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30 years ago, Camps for Kids began sending Milwaukee kids to summer camp


Camps for Kids

By Bobby Tanzilo

This piece is exclusive to Milwaukee Recreation and cannot be reproduced elsewhere without permission.

If you attended an overnight summer camp, or sent your kids to one, you know what a life-enhancing experience sleepover camp can be.

Thanks to a program founded 30 years ago, thousands of kids from Milwaukee families with limited financial resources have also learned this.

In 1994, Camps for Kids was organized by a number of local organizations with the mission, “to provide life changing, first-time resident camp experiences for children in Milwaukee County.”

The program funds overnight camp stays at a variety of Wisconsin camps for kids ages 8 to 15, and campers and their families are encouraged to stay engaged via a year’s worth of related activities afterward.

More than 25 local agencies refer kids to the program, including Milwaukee Recreation, which awards full weeklong "camperships" to MPS students.

Currently participating camps include Camp Minikani in Hubertus; COA Youth & Family Centers’ Camp Helen Brachman in Almond; Holiday Home Camp in Williams Bat; Camp Manito-wish YMCA in Boulder Junction; and Camp Whitcomb/Mason in Hartland.

Families of campers must be eligible for FoodShare/SNAP (Supplemental Nutrition Assistance Program), Wisconsin Shares Childcare Subsidies, Medicaid, W-2 or Foster Care to access the program.

Camps for Kids was founded in 1994 by Milwaukee Recreation, the Faye McBeath Foundation, the Milwaukee Journal Sentinel, the Boys & Girls Clubs of Greater Milwaukee, COA Youth & Family Centers, Girl Scouts of Wisconsin Southeast, Holiday Home, YMCA of Metropolitan Milwaukee, the American Camp Association Wisconsin, and the Greater Milwaukee Foundation.

The first “camperships” sent 179 kids to camps the following year.

In 1997, nearly 200 kids went to camp via the program and the goal in 1998 was to boost that number by 50 percent. At that time there were more than 15 participating camps.

“(Camps for Kids) provides kids, not only with a breath of fresh air but an opportunity to know that there is a different real world out there besides the one in which they live,” Esther Leah Ritz, a regular donor to the program, told the Journal Sentinel in 1998.

"Even when they go back (home), if they've had the right opportunity in camp, they bring part of that experience back with them – looking for something beyond the street."

Twelve-year old Mike Schellinger attended Camp Menominee in Eagle River in 1997 thanks to Camps for Kids.

"It (camp) was one of my favorite things in life," Schellinger told the paper the following year. "Everyone should have a chance to go to camp and have a little bit of fun. The world would be a better place, as my mom put it.

“Everyone was treated equally. They'd share their stuff. We were like a whole family. It's something I'll always remember, but it's something I wish I could do again."

"It really boosted his self-esteem,” his mother Laurie Schellinger, a single parent of four children, added. “He's a very smart kid and doesn't have a lot of friends in the neighborhood his age. When he went to camp, he was like one of the guys. He had a chance to mingle with people his own age and just fit right in.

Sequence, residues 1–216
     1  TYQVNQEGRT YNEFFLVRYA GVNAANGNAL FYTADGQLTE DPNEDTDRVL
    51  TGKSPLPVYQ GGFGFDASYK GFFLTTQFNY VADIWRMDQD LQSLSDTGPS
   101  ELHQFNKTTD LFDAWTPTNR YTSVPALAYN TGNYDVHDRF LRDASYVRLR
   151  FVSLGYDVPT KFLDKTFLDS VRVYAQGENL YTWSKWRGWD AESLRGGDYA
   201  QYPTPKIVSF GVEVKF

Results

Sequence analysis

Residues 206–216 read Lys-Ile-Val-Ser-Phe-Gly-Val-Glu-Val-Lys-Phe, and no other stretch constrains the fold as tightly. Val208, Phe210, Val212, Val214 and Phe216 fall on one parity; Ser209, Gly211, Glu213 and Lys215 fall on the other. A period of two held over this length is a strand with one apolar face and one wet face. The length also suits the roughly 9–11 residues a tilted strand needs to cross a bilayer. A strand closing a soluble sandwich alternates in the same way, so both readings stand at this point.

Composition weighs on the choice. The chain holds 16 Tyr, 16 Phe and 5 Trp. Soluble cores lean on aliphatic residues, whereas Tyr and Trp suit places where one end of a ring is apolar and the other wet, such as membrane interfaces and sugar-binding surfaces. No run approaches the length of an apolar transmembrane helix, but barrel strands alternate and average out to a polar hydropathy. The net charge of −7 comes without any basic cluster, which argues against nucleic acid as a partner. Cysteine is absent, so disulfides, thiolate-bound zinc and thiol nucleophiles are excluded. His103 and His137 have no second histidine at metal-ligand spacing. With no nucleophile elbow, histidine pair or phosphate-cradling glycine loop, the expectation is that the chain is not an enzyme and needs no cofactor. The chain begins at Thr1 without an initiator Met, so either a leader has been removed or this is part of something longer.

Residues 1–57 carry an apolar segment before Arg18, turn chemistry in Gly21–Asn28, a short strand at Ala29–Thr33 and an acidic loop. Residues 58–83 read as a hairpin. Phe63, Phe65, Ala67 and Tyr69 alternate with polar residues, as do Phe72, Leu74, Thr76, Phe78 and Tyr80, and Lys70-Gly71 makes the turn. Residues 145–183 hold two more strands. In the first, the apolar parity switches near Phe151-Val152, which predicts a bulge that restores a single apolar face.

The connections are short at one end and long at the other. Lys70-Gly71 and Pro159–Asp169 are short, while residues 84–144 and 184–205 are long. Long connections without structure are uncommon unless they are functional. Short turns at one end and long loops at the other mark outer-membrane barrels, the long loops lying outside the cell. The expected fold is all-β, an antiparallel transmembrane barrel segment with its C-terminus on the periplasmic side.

"He seemed to mature more in those two weeks, and was more settled down after he came back from camp."

In the end, 235 kids went to camp via the program that year. In 1999, 250 kids attended.

In 2002, Mary Beth Malm, who was executive director of Girl Scouts of Milwaukee Area and chair of the Camps for Kids steering committee, told the Journal Sentinel that from its inception up to that point $450,000 had been raised, sending 1,600 kids to camps.

But, while that sounded impressive, Malm added that fundraising had not really taken off.

"It's been fairly flat," she told the paper. "And that's a problem, because the need has definitely increased. The program has been so successful that there are children out there who want to participate, but we really do need donors to contribute to this effort."

That challenge hasn’t changed much in the past two decades.

Still, thanks to Camps for Kids, more than 5,500 Milwaukee County kids have spent a week at summer camp.

Milwaukee Recreation has typically referred 40-50 MPS students per year to Camps for Kids and between 2013 and 2023 – the program was on hold in 2020 and 2021 due to the pandemic – 447 MPS students were granted scholarships, though not all of those kids ultimately attended camp.

This year, Milwaukee Recreation plans to refer more than 100 MPS students to the program.

Via another program called the MPS Overnight Camp Program, another 250 MPS students in grades 4-8 will get the opportunity to go to camp, too.

However, that program – which includes some of the same camps as Camps for Kids, but also a few others – is funded with ESSER (Elementary and Secondary School Emergency Relief Fund) money, which will run out after this year, thus ending the MPS Overnight Camp Program unless another funding source can be found.

To apply for a Camps for Kids full scholarship by the April 19 deadline, visit this site and download the form.

Please consider making a donation to Camps for Kids here at the Greater Milwaukee Foundation website.

NOTE: This article was written for Milwaukee Recreation's institutional history project. While the topic was provided by Milwaukee Recreation, the content was not.

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